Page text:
In a similar way, a well-known and the late social scientist Rajni Kothari had also pointed out that it is the responsibility of the public and political intellectuals are to be critical of the existing political authority and the political process. In doing so, a true intellectual must articulate the concern of subaltern masses rather than side with state power.

While toeing the lines of Dr. Ambedkar and Prof. Kothari, more recently an eminent secular historian Prof. Romila Thapar in her works underlined the significance of public intellectuals in the Indian philosophical and intellectual traditions. Prof. Thapar and others said that Indian society is historically replete with diverse intellectual dissenting voices and rooted in heterodox traditions as seen in the case of European society. While stressing the need for freedom of speech to exercise intellectual autonomy and the role of dissenting voices, Prof. Thapar says, “Public intellectual is not expected to be dictatorial and insists on a single answer. Negating discussion is negating fundamental right to freedom of speech”. (The Indian Express, “Negating discussion negates the Indian philosophical Tradition”, Oct 18, 2015).

In the same manner, the late Praful Bidwai, a senior journalist had expressed that public intellectuals are needed to articulate the traditions of critical and ‘rational thought’ in our intellectual sphere. (See Bidwai, “Why we need Public Intellectuals”, The News, November 01, 2014).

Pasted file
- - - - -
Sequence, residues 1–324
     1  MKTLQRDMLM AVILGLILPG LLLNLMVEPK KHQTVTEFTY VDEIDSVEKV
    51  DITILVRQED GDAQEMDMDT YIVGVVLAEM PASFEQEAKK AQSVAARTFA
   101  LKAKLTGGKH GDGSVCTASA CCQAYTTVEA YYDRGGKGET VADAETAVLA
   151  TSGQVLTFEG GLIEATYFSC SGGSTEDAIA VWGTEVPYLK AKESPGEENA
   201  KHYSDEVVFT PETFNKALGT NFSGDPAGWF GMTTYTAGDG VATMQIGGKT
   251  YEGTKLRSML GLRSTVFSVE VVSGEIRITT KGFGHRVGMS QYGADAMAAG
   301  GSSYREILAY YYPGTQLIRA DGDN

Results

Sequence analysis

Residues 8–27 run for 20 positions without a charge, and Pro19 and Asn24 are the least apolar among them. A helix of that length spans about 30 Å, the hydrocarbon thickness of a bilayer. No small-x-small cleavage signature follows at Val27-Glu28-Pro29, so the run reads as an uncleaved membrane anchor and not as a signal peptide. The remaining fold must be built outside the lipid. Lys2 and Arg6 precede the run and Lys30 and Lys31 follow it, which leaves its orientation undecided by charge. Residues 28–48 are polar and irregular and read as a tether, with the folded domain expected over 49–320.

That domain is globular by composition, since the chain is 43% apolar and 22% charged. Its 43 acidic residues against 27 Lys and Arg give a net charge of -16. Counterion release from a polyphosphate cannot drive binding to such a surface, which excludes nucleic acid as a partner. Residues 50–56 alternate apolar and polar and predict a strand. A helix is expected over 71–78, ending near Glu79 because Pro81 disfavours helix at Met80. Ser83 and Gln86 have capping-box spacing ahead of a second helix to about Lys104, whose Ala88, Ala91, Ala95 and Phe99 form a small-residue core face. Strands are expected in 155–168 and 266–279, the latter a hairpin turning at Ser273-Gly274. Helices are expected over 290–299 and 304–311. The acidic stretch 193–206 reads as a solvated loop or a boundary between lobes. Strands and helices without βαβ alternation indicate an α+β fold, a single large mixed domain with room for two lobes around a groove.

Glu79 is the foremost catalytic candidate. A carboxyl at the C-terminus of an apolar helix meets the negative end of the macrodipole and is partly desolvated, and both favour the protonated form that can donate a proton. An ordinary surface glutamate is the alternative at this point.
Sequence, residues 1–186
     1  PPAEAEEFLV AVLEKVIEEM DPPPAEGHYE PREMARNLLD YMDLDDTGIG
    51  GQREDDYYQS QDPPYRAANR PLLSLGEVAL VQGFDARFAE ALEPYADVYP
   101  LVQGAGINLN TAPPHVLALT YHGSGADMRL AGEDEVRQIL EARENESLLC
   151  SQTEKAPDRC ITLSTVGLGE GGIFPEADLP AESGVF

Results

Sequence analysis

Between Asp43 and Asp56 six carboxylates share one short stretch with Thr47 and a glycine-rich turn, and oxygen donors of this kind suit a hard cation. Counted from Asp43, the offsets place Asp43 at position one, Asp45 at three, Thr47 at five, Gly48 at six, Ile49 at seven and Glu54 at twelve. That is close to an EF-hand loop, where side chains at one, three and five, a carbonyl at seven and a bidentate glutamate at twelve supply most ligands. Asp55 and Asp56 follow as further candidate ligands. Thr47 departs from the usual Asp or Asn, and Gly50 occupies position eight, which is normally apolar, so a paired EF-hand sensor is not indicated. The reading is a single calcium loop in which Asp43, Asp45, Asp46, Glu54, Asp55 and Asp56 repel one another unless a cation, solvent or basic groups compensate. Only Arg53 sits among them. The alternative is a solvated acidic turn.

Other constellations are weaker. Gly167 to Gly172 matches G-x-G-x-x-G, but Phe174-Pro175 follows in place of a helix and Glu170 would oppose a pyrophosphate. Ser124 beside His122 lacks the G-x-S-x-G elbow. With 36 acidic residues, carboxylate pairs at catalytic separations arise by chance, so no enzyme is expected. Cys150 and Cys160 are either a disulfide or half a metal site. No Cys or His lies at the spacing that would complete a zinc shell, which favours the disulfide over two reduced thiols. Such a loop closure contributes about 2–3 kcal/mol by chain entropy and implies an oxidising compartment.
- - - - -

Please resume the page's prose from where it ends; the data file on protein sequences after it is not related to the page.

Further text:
On the basis of the above mentioned arguments, one cannot ignore the role of the public intellectuals (especially organic intellectuals as Gramsci and Dr. Ambedkar both underlined) and their social responsibilities as far as the subaltern masses are concerned.  However in the case of India, intellectual and academic freedom is now also under attack after the rise of ‘state authoritarianism’ along with feudal/ conservative and communal forces in the public domain. Ever since the Hindu nationalist forces (from 2014 onwards) have occupied the public-politico sphere, the attacks on the public intellectuals (mainly who are critical and articulating the real issues of subaltern masses) have increased enormously. The killings of three literary figures and Rohit Vemula as stated above can be cited as cases in point.